The police maintained anti-trafficking units in Asuncion, Puerto Elisa, Colonel Oviedo, Encarnacion, and Ciudad del Este. The dedicated anti-trafficking unit in the attorney general's office had a total of two prosecutors and 10 assistants, and this unit worked across the country to investigate and prosecute human trafficking cases. Some civil society and government actors noted that the units had limited human and material resources, and awareness of internal trafficking crimes was weak among many officials. In 2011, Paraguayan prosecutors reported investigating at least 146 possible trafficking cases, compared with 107 possible cases opened in 2010; most cases involved sex trafficking. Authorities initiated 30 new prosecutions and achieved nine convictions of trafficking offenders; six cases involved transnational sex trafficking and one involved transnational forced labor, while prosecutors used other statues to convict two traffickers for internal sex trafficking. Sentences ranged from two to four years' imprisonment, and all convicted traffickers reportedly were serving jail sentences. This is a significant increase compared with the previous reporting period, when officials reported no convictions for trafficking crimes. Some government officials, including police, border guards, judges, and public registry employees, reportedly facilitated trafficking crimes, including by protecting brothels where minors were prostituted. One case against a police officer for involvement in sex trafficking remained pending. Paraguayan officials continued to cooperate with Argentine and Chilean counterparts on trafficking investigations.
The Government of Paraguay maintained efforts to protect female victims of sex trafficking during the reporting period, but victim assistance remained uneven outside of the capital. Authorities did not employ formal procedures for proactively identifying trafficking victims among vulnerable populations such as those in prostitution, domestic workers, or street children. Officials referred identified victims to services on an ad hoc basis. During the reporting period, prosecutors identified 145 trafficking victims, including 88 sex trafficking victims who were referred to care facilities. The coordinator of the anti-trafficking roundtable reported that 192 victims were identified during the year, while the Directorate of Expatriates reported assisting 314 victims abroad. The differing figures reflect the difficulties in collecting comprehensive and accurate victim data.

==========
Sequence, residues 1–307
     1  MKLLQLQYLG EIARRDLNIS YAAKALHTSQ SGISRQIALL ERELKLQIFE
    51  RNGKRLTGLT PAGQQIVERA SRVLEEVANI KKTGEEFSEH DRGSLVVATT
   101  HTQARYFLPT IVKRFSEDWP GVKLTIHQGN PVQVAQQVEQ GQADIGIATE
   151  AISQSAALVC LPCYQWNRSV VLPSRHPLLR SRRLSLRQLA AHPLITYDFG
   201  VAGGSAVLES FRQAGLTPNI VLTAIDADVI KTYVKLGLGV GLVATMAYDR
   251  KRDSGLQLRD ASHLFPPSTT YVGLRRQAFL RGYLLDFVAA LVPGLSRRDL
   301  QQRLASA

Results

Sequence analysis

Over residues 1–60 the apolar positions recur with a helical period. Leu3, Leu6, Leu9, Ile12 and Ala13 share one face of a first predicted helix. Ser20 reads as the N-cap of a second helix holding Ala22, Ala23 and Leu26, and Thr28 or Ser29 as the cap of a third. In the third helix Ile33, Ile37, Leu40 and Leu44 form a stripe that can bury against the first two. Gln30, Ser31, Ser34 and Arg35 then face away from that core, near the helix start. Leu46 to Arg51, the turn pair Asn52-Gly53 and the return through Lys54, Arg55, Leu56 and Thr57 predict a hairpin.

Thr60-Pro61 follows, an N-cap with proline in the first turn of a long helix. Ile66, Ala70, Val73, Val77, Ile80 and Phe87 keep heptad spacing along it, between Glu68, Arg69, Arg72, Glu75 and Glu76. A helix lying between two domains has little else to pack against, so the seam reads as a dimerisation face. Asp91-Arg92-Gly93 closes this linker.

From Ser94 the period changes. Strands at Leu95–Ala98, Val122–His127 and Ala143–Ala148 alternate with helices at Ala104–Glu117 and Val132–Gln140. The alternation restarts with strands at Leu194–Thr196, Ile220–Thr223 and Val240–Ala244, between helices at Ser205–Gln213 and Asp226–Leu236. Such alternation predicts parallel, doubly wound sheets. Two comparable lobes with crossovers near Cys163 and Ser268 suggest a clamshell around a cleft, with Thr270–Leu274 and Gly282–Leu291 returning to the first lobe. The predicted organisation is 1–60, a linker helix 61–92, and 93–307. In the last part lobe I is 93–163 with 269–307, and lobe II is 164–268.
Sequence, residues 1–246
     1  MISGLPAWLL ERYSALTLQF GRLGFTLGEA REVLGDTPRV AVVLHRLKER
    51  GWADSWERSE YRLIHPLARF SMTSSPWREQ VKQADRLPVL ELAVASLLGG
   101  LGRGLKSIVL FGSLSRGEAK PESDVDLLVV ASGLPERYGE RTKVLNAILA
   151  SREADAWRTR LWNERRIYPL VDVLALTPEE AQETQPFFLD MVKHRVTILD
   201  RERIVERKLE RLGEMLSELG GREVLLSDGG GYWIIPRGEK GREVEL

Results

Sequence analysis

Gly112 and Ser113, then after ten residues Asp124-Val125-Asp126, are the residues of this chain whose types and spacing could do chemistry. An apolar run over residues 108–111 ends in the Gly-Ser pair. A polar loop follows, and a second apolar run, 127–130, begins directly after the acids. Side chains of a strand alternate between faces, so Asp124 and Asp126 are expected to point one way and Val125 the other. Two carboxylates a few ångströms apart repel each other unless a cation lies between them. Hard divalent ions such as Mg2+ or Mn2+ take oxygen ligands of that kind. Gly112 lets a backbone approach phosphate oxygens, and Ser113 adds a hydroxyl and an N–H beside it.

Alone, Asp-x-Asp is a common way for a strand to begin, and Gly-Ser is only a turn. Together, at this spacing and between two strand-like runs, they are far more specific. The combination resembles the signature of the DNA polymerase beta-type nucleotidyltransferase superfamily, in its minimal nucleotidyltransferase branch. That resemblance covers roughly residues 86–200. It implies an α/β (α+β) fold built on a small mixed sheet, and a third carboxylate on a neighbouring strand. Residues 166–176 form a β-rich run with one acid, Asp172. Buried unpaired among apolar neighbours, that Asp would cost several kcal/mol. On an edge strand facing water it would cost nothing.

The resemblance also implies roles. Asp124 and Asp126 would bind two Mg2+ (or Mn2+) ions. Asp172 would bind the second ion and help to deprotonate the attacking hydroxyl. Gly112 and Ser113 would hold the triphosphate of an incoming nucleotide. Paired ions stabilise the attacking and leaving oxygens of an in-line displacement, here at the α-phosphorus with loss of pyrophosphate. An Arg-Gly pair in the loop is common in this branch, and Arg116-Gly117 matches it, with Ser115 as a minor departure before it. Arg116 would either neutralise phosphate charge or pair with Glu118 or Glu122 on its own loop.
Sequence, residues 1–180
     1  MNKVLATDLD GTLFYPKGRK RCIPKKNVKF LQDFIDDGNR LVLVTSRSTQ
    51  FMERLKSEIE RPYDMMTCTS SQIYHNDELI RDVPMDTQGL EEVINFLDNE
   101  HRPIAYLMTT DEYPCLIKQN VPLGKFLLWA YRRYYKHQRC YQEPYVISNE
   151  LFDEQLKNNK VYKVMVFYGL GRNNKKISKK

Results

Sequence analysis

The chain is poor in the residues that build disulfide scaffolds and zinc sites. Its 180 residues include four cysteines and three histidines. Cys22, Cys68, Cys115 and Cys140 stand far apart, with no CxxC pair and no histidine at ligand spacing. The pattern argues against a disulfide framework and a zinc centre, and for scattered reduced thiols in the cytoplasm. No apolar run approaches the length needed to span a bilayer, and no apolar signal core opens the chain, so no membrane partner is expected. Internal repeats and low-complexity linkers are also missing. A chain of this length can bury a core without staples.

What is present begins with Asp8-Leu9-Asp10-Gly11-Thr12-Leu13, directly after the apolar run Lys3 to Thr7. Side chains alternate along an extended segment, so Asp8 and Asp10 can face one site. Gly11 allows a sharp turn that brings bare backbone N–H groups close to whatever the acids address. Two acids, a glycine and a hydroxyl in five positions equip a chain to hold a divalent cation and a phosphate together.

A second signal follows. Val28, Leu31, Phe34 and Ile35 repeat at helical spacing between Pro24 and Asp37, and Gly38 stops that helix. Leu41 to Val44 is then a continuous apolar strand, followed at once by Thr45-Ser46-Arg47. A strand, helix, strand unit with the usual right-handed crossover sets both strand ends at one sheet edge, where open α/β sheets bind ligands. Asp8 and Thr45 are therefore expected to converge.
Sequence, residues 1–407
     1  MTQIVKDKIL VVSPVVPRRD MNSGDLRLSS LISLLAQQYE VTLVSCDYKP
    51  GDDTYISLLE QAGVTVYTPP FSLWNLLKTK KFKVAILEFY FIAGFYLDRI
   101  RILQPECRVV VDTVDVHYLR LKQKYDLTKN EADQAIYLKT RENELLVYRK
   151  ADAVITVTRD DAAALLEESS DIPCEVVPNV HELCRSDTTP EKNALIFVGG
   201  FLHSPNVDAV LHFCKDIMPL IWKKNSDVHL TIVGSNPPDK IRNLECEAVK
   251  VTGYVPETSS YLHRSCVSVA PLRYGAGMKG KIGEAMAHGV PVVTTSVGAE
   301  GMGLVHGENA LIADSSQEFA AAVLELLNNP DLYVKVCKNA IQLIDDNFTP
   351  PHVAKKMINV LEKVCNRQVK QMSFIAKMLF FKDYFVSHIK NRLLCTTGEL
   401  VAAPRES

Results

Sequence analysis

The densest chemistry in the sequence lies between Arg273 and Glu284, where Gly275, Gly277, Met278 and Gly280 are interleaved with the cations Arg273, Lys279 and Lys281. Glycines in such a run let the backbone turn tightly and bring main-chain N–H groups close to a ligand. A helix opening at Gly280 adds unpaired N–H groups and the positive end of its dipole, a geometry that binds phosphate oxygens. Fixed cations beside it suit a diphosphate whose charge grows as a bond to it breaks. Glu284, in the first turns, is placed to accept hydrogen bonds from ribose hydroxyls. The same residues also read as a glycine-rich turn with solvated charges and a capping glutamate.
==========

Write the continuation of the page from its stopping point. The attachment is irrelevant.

The government's Women's Secretariat (SMRP) ran one shelter in Asuncion for female trafficking victims; the shelter did not detain adult victims involuntarily, and during the year it assisted 38 victims. SMRP also continued to fund other assistance programs, including three drop-in centers for female victims of violence or trafficking. Most victim services, however, were funded at least in part by international donors and were provided by NGOs. During the year the government opened and staffed a second shelter dedicated for female trafficking victims in Ciudad del Este; however, it shut down after three months when a private donor supporting the shelter ceased paying rent. Twenty-five girls housed at the shelter were returned to their families, some of whom were complicit in their exploitation. A report published during the year highlighted the lack of specialized services, including shelters, available for child sex trafficking victims. The Paraguayan government did not offer shelter facilities for male victims.
Paraguayan authorities encouraged victims to participate in the investigation and prosecution of their traffickers, and some victims filed complaints to open investigations. Victims generally avoided the court system, however, due to social stigma, fear of retaliation, and the lengthy judicial process. Identified victims generally were not jailed, deported, or otherwise penalized for acts committed as a direct result of being trafficked. The Government of Paraguay could offer temporary or permanent residency status for foreign trafficking victims through its liberal immigration system, but did not report doing so in the past year.
The Paraguayan government maintained prevention activities during the reporting period. Government agencies, civil society organizations, and foreign diplomatic missions participated in a government-run anti-trafficking roundtable, which met several times during the year, and whose four sub-committees each met 10 times during the year. The roundtable drafted a national anti-trafficking plan, which awaited the president's signature. No new awareness campaigns were initiated during the year, although the government continued to distribute "know your rights" pamphlets to educate Paraguayans seeking work abroad. The government reported no efforts to reduce demand for commercial sex acts or forced labor. Some government agencies issued public reports of their anti-trafficking efforts. Paraguay was not a known destination for child sex tourists, although foreign citizens from Brazil and Argentina are reported to engage in commercial sexual exploitation of children in the tri-border area. The government provided human rights training, which included a human trafficking component, to Paraguayan troops prior to their deployment abroad on international peacekeeping missions.